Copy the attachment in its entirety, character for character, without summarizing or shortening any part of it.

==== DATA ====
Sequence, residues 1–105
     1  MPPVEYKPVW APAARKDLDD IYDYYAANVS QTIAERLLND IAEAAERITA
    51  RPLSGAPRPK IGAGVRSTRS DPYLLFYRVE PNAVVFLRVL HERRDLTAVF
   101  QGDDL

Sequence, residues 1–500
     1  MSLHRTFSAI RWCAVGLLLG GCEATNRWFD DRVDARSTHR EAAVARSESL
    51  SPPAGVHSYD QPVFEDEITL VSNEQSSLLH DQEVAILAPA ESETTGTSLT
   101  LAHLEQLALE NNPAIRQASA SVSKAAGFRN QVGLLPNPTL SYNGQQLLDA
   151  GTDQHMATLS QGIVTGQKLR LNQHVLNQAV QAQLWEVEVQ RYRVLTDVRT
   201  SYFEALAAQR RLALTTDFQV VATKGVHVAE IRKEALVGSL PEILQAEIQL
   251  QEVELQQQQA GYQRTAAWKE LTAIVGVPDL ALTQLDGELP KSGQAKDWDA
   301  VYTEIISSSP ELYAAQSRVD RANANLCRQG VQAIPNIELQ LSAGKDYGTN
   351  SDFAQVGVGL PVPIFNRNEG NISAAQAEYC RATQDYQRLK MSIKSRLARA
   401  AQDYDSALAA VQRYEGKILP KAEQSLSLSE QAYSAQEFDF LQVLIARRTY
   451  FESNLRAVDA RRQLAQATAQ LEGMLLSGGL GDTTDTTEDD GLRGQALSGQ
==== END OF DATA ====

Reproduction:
Sequence, residues 1–105
     1  MPPVEYKPVW APAARKDLDD IYDYYAANVS QTIAERLLND IAEAAERITA
    51  RPLSGAPRPK IGAGVRSTRS DPYLLFYRVE PNAVVFLRVL HERRDLTAVF
   101  QGDDL

Sequence, residues 1–500
     1  MSLHRTFSAI RWCAVGLLLG GCEATNRWFD DRVDARSTHR EAAVARSESL
    51  SPPAGVHSYD QPVFEDEITL VSNEQSSLLH DQEVAILAPA ESETTGTSLT
   101  LAHLEQLALE NNPAIRQASA SVSKAAGFRN QVGLLPNPTL SYNGQQLLDA
   151  GTDQHMATLS QGIVTGQKLR LNQHVLNQAV QAQLWEVEVQ RYRVLTDVRT
   201  SYFEALAAQR RLALTTDFQV VATKGVHVAE IRKEALVGSL PEILQAEIQL
   251  QEVELQQQQA GYQRTAAWKE LTAIVGVPDL ALTQLDGELP KSGQAKDWDA
   301  VYTEIISSSP ELYAAQSRVD RANANLCRQG VQAIPNIELQ LSAGKDYGTN
   351  SDFAQVGVGL PVPIFNRNEG NISAAQAEYC RATQDYQRLK MSIKSRLARA
   401  AQDYDSALAA VQRYEGKILP KAEQSLSLSE QAYSAQEFDF LQVLIARRTY
   451  FESNLRAVDA RRQLAQATAQ LEGMLLSGGL GDTTDTTEDD GLRGQALSGQ